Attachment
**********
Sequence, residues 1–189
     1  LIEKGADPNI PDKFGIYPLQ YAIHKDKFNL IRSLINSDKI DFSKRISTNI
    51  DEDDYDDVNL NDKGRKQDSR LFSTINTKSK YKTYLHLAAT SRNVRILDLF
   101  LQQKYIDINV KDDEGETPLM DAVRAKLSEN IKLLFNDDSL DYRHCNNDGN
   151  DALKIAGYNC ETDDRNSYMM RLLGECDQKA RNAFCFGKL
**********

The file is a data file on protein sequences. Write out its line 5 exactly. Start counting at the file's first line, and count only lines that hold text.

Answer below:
   151  DALKIAGYNC ETDDRNSYMM RLLGECDQKA RNAFCFGKL